Background/aims: The MUC1 mucin distributes among a variety of epithelial tissues (except the intestinal epithelia) and is often detectable in colorectal carcinoma tissues and cell lines. This study aimed to elucidate whether MUC1 mucin expression correlated to the progression of colorectal carcinomas.
Methods: We collected 113 tissue specimens, including primary colorectal carcinoma, normal mucosa, liver metastases, lymph node metastases, and normal livers from 58 patients with colorectal carcinoma. Immunohistochemical staining and Western blotting analysis with mature MUC1 mucin-specific monoclonal antibodies were performed.
Results: The levels of mature MUC1 mucins were significantly higher in carcinoma tissues than those in normal colonic mucosa (P < 0.001). Furthermore, the levels of mature MUC1 mucins were significantly higher in primary tumors from patients having metastasis or metastatic tumors than in primary tumors from patients without metastasis (P < 0.001). In the primary sites, mature MUC1 mucin levels apparently increased according to progression of the stages (P < 0.001).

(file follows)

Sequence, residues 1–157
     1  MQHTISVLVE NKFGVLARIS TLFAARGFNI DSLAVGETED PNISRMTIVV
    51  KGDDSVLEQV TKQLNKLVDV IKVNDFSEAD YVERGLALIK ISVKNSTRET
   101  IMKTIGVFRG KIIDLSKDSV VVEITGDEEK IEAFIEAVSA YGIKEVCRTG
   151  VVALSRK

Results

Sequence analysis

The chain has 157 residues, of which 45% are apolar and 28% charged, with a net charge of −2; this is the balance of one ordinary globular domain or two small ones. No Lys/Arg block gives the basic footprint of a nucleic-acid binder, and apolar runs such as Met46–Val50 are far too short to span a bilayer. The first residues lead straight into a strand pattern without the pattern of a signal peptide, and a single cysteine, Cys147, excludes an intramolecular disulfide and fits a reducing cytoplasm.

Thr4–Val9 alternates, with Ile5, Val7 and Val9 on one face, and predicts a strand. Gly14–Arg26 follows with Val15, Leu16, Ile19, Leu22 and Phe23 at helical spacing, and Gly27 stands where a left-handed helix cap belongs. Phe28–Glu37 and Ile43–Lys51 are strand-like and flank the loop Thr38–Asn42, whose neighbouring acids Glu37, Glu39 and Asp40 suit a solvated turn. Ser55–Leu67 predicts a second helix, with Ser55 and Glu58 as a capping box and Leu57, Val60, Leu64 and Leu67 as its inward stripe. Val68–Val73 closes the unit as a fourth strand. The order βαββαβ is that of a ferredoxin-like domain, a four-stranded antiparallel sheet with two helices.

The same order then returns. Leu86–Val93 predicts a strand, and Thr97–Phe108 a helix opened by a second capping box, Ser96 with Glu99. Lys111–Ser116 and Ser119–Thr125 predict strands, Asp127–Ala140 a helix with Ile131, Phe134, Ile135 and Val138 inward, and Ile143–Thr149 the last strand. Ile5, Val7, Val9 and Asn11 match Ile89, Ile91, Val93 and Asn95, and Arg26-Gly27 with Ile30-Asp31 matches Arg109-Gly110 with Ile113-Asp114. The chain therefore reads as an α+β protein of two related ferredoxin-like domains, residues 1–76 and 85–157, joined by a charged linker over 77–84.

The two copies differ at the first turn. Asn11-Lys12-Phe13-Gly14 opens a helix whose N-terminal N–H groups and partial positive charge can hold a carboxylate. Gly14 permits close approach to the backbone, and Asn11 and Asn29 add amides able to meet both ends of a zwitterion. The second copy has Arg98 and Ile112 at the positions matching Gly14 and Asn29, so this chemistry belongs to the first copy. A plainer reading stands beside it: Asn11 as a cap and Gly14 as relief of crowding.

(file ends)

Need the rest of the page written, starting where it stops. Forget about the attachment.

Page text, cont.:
Conclusions: These results strongly suggest that mature MUC1 mucins become ectopically expressed in colorectal carcinoma progressed to the metastatic stages and that mature MUC1 mucins may be a useful marker for advanced colorectal carcinoma.